St. Lucia is home to stunning scenery both above and below the water, but the most recognizable feature of this Caribbean island are its two Pitons. These are twin cone-shaped, volcanic peaks that are surrounded by miles of untouched rainforest. Geographically, St. Lucia is part of the Lesser Antilles in the southeast Caribbean Sea. It is located just northeast of the island of St. Vincent, northwest of Barbados and south of Martinique.
From as early as the 1550s, the Dutch, English and French vied for control of St. Lucia. None succeeded until 1660, when the French signed a treaty with the Caribs. For almost 200 years, the English and French traded the colony, each controlling it 7 times in this period. During this time, it was an important sugar cane producing island and featured prominently in the slave trade. Finally, in 1814, the British secured the island. St. Lucia finally gained independence in 1979 although it remains part of the Commonwealth of Nations.
Today, the population is mostly of African or mixed African-European descent. The official language is English although Saint Lucian Creole French is spoken by a majority of the population. While manufacturing makes up the largest part of the economy, tourism also plays a significant role. In recent years, scuba diving has become an extremely popular excursion and there are now more dive shops than ever to choose from. Whether you visit the island on a cruise ship or come to stay a while, you are sure to easily find a way under the water with one of the many qualified dive masters on the island.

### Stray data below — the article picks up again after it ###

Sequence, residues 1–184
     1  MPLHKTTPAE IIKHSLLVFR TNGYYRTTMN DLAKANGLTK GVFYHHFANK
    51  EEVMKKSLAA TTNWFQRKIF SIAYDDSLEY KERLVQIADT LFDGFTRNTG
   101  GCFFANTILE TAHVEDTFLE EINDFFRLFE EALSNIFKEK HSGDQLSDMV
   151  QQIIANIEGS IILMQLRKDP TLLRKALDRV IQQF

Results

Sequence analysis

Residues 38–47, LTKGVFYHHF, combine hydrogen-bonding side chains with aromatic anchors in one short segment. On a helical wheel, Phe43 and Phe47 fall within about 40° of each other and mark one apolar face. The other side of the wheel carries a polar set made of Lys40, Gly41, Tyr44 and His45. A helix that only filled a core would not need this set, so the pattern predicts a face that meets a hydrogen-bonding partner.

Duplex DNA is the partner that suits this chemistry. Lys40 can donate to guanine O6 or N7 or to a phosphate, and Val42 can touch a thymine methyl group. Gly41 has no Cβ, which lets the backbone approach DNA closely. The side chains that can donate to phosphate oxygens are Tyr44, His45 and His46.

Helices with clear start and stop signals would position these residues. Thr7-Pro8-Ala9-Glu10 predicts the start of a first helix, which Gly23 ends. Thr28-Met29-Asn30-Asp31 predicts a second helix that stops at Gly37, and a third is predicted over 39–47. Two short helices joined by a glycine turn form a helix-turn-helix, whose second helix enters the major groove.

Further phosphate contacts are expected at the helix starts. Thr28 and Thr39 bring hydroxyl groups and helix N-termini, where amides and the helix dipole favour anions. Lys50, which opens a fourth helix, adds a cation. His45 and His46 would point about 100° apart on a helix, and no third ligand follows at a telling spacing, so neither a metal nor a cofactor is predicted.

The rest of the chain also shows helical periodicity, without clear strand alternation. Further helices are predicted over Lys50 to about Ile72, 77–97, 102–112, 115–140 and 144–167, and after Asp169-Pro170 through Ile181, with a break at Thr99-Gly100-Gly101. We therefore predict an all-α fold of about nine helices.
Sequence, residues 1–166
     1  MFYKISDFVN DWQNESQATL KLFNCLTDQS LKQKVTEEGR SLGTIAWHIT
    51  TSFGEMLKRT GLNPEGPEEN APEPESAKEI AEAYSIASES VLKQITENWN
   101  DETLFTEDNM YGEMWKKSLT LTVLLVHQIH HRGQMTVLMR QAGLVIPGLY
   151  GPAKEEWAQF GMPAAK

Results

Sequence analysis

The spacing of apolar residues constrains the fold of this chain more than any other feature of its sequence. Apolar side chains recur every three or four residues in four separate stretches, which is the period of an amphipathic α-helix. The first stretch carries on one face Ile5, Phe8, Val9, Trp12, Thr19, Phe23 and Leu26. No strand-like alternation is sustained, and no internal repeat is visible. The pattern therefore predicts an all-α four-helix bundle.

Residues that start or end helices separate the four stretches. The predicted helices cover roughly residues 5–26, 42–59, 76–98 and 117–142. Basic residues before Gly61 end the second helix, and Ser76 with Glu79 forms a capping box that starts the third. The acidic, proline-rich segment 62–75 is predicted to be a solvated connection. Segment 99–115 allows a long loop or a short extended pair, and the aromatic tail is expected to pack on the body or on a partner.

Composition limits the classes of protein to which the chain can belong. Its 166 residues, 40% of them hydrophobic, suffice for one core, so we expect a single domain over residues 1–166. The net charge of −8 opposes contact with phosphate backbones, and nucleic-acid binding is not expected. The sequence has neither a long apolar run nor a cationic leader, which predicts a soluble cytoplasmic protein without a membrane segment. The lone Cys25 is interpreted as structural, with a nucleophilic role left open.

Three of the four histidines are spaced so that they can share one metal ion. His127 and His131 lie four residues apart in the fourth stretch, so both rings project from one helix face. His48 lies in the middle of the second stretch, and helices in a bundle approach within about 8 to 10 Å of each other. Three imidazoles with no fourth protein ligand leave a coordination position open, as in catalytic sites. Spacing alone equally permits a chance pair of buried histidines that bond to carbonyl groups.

With lush rainforests, volcanic peaks and beautiful beaches, St. Lucia is a nature-lover’s dream. Visitors should take the time to drive through the island’s drive-in volcano, climb to the top of Gros Piton (one of the island’s twin peaks), trek through unspoiled rainforests, take a dip in the hot Sulphur Springs, discover the beautiful Botanical Gardens, and learn about the island’s history at Fort Rodney in Pigeon Island National Park. Whether you choose to spend most of your time topside or under the water, St. Lucia is a magical Caribbean destination that you are sure to remember for years to come.
Saint Lucia hosts two airports. George FL Charles Airport (SLU) is near Castries and Hewanorra International (UVF) is close to Vieux Fort. These airports welcome a variety of flights from other Caribbean Islands, North and South America as well as Europe.
It is also possible to arrive in St. Lucia by cruise ship or ferry from surrounding Caribbean islands.
Once on the island, rental car, taxi and local bus will help you to move from one point to another.
Note - Travel to any destination may be adversely affected by conditions including (but not limited) to security, entry and exit requirements, health conditions, local laws and culture, natural disasters and climate. Regardless of your destination, check your local travel advisory board or department for travel advice about that location when planning your trip and again shortly before you leave.